July 1, 2016

{A Dress Reimagined}

In celebrating the current Vanderbilt family wedding exhibition at the Legacy museum on Biltmore Estate in Asheville, North Carolina, I’ve written several articles about the treasures on display. One is the recreation of Cornelia Vanderbilt Cecil’s 1924 wedding gown and veiling by Cosprop Ltd. London (of Downton Abbey fame!)

Here’s another version of that fascinating story just published in the summer issue of Season magazine….and I’ve reprinted it here for you to enjoy. This one gives a bit of background about my former vintage bridal shop, its Downton Abbey connection, and my love of old lace. Would like to hear what you think!

A Dress Reimagined
by Cornelia Powell

Those of you who visited my former bridal art-to-wear shop in Atlanta in the 1980s and ‘90s would remember the lovely one-of-a-kind dresses made from vintage laces. The shop’s designers used found pieces of original materials: beadwork, laces, embroidery and remnants from beautiful old gowns that often became the starting point for a new dress, adding richness and gravitas that only “something old” could do. (“Elegant recycling” is how one of my designers described the process.) 

Downton Abbey’s designers relied on similar techniques for many of their costumes including 1920s-era wedding dresses for the Crawley sisters. (Something you already knew if you’ve attended one of my costume talks!) Designer Caroline McCall combined vintage lace panels with new silks to make the column-shaped bridal dress for Mary’s first wedding; then an antique hand-beaded satin train she’d found became the design inspiration for Edith’s dress for her “almost wedding” in season three. In the show’s romantic finale, designer Anna Robbins used a collage of vintage Brussels laces to create Edith’s “happy ending” bridal gown.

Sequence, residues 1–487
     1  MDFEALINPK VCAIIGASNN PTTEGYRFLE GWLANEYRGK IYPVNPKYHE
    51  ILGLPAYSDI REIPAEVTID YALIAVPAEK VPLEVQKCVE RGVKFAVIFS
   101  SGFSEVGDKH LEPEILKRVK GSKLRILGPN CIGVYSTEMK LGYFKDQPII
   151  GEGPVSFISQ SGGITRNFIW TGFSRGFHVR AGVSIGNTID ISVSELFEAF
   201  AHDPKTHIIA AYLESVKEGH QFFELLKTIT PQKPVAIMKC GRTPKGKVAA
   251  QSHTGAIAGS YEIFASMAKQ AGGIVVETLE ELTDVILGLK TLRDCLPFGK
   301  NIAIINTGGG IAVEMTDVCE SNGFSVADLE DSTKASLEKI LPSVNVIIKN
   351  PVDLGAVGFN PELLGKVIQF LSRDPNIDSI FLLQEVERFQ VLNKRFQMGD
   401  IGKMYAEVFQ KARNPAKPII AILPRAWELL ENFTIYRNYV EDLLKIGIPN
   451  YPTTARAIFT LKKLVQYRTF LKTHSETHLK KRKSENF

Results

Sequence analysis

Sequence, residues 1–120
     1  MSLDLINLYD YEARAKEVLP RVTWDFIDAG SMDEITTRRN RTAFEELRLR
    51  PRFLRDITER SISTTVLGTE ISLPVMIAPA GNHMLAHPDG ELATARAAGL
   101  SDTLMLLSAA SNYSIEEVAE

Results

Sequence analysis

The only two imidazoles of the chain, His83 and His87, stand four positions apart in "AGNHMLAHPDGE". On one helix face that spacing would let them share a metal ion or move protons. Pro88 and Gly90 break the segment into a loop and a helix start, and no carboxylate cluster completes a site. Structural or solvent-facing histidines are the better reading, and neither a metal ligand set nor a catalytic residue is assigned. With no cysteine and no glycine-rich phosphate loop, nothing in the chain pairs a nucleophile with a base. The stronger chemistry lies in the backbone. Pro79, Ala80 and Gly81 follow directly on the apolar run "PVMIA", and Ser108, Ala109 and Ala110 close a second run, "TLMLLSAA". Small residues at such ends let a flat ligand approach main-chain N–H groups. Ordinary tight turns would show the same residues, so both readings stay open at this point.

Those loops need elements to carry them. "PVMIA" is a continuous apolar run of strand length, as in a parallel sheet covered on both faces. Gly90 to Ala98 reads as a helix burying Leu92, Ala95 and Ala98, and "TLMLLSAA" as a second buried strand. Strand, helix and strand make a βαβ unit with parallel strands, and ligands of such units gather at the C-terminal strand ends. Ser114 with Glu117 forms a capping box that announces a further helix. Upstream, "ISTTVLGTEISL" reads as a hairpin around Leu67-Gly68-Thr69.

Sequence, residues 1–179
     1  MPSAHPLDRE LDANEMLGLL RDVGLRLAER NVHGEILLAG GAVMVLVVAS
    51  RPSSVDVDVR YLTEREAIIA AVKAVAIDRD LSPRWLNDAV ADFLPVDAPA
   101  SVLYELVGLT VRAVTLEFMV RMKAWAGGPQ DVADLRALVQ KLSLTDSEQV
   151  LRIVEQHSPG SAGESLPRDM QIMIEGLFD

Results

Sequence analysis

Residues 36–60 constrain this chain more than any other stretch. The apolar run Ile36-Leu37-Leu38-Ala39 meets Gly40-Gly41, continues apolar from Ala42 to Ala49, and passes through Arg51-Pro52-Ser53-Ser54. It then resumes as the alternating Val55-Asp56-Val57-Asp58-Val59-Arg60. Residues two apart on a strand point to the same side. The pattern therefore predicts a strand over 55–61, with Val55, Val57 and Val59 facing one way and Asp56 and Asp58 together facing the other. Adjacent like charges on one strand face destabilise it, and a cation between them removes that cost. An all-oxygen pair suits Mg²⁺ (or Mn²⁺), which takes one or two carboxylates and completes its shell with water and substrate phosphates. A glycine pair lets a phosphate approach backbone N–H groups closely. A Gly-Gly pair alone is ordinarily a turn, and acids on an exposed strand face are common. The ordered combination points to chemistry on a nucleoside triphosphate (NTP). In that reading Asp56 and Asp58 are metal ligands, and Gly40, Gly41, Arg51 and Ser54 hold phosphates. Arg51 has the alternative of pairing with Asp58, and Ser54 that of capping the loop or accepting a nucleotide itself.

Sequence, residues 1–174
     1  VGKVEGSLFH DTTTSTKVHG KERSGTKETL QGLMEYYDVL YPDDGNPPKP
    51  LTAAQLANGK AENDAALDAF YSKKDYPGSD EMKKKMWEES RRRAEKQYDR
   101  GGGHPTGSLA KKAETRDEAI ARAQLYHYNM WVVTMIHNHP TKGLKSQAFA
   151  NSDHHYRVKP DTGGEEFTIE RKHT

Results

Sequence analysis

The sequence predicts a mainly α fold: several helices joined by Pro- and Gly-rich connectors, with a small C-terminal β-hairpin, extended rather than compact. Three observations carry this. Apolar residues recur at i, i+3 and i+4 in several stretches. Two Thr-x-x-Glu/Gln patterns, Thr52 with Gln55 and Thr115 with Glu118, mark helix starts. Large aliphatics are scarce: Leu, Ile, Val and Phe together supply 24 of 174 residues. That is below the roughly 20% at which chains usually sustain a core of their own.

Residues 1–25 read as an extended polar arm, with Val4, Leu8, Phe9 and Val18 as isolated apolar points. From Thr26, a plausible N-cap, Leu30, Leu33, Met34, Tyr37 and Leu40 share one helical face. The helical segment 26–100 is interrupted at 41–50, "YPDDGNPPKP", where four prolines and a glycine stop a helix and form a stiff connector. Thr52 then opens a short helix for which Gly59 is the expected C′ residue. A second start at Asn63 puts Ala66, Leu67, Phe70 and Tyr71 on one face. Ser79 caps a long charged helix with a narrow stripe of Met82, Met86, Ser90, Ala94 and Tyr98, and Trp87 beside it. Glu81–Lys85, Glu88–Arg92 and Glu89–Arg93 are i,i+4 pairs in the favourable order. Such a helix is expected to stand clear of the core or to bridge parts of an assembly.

What if the lost wedding dress of a famous heiress needed such superb designer attention? Cornelia Vanderbilt married on her family’s grand Biltmore estate in 1924, but years later her satin wedding pumps—aged to a creamy patina and still trimmed with sprigs of fabric orange blossoms—were all that remained of her costume. So, with an exhibition in mind, Biltmore commissioned legendary costumier John Bright at Cosprop, Ltd. London—of Downton Abbey fame—to recreate Cornelia’s lace and silk wedding ensemble.

Once Leslie Klingner, Curator of Interpretation, and her team at Biltmore gathered archival photographs and newspaper clippings with descriptions of Cornelia’s dress (details of her wedding had filled society columns worldwide), the transatlantic “reimagining” project was on! After a year of planning, conference calls, lace and fabric samples going back and forth between London and Asheville, NC—plus seven weeks of cutting and sewing by a team of five—Cornelia’s dress and veil were, indeed, beautifully reimagined.

Cornelia Vanderbilt Cecil’s original gown was the stylish “tabard” fashion of the 1920s: a lace tunic over a silk slipper-satin, long-sleeve sheath (a design that influenced the gown for Downton’s Lady Mary.) From the photographs, the lace of Cornelia’s gown, with its distinctive floral pattern, appears to be an exquisite Duchesse; but fine lace yardage from that era is rare, so Cosprop cleverly repurposed an antique lace shawl and, although the pattern varied from the original, the proportions were perfect! Cosprop also recreated Cornelia’s lace headpiece and voluminous veiling—which had included her maternal grandmother’s rose point heirloom veil—by appliquéing hand-cut vintage lace motifs onto yards and yards of custom-dyed tulle.

Cornelia’s recreated wedding ensemble is now on display at Biltmore’s Legacy Museum. To me it’s a lovely reminder how, in the hands of inspired designers, bits of vintage laces and trims can be “reimagined” to enchant us still. ~

[Top and bottom three images courtesy of The Biltmore Company]

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